All this is particularly horrible in that it betrays some genuine and decent concerns and ideals of cleanliness, older modernist ideals of clean, affordable living, and some of the truly most pressing questions of the moment, access to clean air, water, and so on.

ECW said...


so well put. Trying to take both the spirit of inoculation and of openness at once, I have to say, the darkest of what you write has been affectively confirmed, in the glimpses I've gotten, especially in that "second-hand excitement", the weakest frisson visible in even those who know better than still having to mention who was at what party and what celebrity once lived there.

And Westwood is fucking insane. It looks like someone stuck a bike pump into a managed ski resort town and just kept inflating until all the roads were four-lanes wide.

(Also, your stories of trying to walk places that are almost unreachable: equally surprising for me have been the number of green, private enclosures, through which one could have a very nice stroll, much nicer than edging along what is basically a highway, but... fences, fences, as far as the eye can see.)

David McDougall said...

a part of 'long march forward' of human history... that we desire the obliteration of the non-human, the world of disease. the flip side to this is that the humans not yet incorporated into this clean notion of humanity/modernity are literally non-human.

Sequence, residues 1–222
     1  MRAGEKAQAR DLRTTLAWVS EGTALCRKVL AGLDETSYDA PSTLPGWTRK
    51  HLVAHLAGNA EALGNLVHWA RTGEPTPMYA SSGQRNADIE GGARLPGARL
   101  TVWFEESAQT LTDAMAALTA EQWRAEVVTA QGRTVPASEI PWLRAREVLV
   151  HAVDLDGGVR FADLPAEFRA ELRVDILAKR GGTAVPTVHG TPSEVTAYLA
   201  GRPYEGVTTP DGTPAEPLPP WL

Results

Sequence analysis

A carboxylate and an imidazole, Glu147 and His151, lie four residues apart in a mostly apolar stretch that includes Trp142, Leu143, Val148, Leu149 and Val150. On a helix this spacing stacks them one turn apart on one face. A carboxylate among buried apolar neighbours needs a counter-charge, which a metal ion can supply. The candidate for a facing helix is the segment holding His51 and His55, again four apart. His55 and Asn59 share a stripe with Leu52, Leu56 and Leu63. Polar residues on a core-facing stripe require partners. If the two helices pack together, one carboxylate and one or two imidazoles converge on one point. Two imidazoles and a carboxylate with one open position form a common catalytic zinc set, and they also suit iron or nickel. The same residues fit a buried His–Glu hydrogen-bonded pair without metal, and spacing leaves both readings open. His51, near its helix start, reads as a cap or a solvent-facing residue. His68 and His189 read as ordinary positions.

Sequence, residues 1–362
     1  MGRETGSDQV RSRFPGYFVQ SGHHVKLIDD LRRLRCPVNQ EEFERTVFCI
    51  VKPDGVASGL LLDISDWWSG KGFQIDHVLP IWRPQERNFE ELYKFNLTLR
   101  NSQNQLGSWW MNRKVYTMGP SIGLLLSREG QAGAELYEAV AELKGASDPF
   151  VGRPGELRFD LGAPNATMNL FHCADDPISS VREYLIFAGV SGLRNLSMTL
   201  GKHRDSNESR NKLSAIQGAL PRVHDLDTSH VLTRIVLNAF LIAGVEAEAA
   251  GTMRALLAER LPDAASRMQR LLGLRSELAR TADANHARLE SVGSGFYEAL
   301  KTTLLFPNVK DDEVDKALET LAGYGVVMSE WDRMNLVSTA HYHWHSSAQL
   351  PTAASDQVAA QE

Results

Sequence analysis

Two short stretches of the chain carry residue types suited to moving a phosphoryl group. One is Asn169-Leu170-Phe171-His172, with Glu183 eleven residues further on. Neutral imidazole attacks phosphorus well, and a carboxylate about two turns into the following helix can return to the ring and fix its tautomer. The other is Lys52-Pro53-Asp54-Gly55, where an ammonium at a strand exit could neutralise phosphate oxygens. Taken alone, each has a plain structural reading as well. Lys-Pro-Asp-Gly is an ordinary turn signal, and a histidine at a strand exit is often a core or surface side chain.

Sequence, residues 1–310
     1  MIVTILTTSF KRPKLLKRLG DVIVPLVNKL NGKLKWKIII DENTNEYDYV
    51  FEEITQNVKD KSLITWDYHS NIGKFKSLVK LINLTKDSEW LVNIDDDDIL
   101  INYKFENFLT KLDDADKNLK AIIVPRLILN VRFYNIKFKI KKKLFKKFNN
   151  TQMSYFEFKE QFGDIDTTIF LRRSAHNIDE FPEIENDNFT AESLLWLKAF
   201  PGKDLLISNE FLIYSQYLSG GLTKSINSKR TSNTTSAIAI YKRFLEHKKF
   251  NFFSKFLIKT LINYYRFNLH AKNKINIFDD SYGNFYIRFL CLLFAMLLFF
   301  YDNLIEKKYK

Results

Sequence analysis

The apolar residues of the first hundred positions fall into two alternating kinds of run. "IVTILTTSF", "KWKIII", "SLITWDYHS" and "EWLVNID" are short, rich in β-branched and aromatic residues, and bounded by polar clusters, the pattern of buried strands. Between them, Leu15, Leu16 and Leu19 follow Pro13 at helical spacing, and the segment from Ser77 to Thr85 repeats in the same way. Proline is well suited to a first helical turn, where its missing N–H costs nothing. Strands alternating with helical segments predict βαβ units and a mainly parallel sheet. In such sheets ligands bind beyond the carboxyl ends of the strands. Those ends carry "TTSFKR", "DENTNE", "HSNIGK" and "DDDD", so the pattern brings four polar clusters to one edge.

this modern cleanliness obsession is related to capitalism's obsession with the simultaneous commodification and elimination of sex (very well summed up in various posts here - read through the archives, it's worth it)

EL CHAVO! said...

Yeah, LA haters keep hating on a false image. The city is not the spectacle, or at least not all of it is. Those that hate on LA insist on the false version of Los Angeles, that one that is easy to hate, but reality is elsewhere. I'm from LA, born and raised, and the image people keep perpetuating about this place is only because THEY keep reading and seeing all this spectacular news. Might I present you some alternatives?

Don't hate what you don't know.